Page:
Some biker gang members may be unemployed. Others hold down jobs with six-figure salaries. James recalled a case in which a gangster from out of town was employed as a defense attorney. 

Regarding those members with full-time jobs, James said, "They got in the gang at one point and remained there yet are still successful in their normal life. They still attend meetings and participate in runs."

Usually, James said, biker gang members are civil if police contact them asking about a motorcycle run or what they've been doing in general. They typically begin getting agitated if questioned regarding specific crimes.

Those who are the most confrontational are the "prospects," which are bikers interested in joining the gang but who are on a probationary period — typically a year — before becoming full-fledged members allowed to wear the group's full patch. Prospects are expected to prove their loyalty and engage in activities as directed by members.

They're the ones most likely to be arrested. 

A word about those patches: members have been known to kill over them. Even something as simple as tapping a gang member on the back and touching the patch can lead to a beating or worse.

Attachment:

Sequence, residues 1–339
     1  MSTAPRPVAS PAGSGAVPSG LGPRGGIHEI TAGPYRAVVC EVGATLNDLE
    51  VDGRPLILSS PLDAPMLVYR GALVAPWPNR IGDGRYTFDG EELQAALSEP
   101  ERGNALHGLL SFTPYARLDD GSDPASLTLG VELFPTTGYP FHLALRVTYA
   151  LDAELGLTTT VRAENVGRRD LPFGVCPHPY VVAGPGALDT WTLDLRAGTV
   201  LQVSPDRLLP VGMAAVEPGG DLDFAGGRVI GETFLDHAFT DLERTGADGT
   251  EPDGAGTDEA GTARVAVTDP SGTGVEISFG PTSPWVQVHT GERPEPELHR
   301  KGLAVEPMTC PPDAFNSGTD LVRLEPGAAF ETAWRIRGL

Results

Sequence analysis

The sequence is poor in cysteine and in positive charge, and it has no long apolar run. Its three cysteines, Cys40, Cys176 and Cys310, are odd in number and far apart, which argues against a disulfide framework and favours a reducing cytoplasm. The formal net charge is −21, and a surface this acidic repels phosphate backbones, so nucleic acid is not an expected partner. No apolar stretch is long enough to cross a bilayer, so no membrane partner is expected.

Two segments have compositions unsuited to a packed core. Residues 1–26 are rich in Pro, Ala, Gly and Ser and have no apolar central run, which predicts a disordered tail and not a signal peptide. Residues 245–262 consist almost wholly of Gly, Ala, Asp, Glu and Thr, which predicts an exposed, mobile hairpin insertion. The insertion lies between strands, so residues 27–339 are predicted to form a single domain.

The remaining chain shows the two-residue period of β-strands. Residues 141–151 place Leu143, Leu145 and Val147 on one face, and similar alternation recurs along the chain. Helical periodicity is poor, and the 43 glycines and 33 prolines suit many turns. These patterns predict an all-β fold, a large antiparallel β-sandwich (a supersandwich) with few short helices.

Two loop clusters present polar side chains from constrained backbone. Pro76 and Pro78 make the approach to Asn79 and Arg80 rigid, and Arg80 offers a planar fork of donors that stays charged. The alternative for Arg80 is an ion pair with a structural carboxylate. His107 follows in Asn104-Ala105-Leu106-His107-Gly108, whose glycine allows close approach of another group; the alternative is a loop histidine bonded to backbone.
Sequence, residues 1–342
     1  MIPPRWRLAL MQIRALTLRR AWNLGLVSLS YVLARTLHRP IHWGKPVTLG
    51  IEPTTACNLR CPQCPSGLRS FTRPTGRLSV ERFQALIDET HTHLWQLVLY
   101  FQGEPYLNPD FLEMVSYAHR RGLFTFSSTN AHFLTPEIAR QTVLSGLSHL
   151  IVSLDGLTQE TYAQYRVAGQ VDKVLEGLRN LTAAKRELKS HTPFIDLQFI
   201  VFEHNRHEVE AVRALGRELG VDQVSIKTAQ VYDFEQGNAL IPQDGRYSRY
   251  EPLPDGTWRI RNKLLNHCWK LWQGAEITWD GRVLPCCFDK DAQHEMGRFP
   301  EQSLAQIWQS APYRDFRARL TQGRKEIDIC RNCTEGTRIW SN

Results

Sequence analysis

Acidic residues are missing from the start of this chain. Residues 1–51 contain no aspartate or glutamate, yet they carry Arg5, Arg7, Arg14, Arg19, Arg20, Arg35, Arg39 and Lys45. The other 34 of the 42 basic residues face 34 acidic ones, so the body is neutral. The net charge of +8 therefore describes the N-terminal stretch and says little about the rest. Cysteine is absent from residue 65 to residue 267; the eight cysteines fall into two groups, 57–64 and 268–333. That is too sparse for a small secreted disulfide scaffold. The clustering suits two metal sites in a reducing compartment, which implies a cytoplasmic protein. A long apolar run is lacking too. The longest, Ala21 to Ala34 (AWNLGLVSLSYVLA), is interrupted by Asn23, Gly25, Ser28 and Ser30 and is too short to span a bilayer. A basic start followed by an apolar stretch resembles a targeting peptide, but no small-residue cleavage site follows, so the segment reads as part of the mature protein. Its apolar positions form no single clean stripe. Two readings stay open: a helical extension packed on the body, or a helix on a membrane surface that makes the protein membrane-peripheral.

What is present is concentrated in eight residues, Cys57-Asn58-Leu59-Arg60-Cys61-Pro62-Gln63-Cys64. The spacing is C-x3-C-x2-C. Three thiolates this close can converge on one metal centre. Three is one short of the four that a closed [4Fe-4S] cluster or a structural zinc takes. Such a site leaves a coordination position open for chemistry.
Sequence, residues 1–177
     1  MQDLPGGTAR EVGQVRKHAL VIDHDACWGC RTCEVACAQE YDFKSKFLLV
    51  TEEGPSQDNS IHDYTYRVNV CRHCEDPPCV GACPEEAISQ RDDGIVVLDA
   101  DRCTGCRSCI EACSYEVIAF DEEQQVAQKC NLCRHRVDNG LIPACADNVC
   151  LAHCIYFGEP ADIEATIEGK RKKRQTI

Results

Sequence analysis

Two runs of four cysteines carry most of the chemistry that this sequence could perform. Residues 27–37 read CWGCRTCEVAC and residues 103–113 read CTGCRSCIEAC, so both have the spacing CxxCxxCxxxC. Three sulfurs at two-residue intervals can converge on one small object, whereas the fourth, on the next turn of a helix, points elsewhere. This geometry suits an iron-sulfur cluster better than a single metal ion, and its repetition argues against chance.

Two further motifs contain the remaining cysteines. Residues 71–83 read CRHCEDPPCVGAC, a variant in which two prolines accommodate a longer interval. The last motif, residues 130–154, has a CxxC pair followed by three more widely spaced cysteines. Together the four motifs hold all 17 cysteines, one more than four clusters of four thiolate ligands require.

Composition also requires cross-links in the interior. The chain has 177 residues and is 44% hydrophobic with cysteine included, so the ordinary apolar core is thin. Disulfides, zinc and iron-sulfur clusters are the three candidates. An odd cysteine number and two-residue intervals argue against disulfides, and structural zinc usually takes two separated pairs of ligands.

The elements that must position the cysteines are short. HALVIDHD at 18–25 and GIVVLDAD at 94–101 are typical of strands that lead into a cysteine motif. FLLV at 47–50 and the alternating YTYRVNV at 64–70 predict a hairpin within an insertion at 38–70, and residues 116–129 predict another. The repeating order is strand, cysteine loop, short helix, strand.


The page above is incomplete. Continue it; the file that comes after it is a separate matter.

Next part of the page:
"They consider the patch one of their most prized possessions," James said.

Each gang has its own insignia. The Hells Angels' insignia is a death's head with wings, the Mongols' a cartoon Genghis Khan-like figure riding a motorcycle, the Devils Diciples' a wheel with tridents crossing it and the Vagos' features Loki, the god of mischief in Norse mythology. 

James asked that anyone who sees a large gathering of biker gang members notify police so they can check out the situation and identify who they are and what chapter they're from. Also notify police if outlaw motorcycle gangs are spotted at a bar. 

There's always the potential for violence if a rival group show up.

"We don't want any members to get killed or injured, or any bystanders either," James said.

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JASON KOTOWSKI
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bakersfield.com